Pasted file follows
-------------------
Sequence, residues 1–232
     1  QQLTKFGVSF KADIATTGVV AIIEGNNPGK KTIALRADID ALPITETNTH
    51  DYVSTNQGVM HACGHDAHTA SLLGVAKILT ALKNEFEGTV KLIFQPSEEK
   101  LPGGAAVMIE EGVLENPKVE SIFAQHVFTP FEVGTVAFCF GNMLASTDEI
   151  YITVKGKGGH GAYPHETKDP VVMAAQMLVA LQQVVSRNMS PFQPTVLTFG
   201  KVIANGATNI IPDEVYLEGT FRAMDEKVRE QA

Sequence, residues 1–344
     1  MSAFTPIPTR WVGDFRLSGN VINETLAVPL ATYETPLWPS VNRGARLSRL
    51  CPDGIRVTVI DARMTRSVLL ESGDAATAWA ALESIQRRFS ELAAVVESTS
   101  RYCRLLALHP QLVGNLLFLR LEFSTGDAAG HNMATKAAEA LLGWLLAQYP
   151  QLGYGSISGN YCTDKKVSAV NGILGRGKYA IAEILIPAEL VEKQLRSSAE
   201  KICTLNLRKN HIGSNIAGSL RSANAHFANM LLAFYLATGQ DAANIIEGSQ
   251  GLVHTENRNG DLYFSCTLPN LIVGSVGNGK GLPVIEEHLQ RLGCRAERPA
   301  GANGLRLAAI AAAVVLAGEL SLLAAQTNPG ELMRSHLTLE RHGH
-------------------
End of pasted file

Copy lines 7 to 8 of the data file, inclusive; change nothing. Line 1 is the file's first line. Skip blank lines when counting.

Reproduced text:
Sequence, residues 1–344
     1  MSAFTPIPTR WVGDFRLSGN VINETLAVPL ATYETPLWPS VNRGARLSRL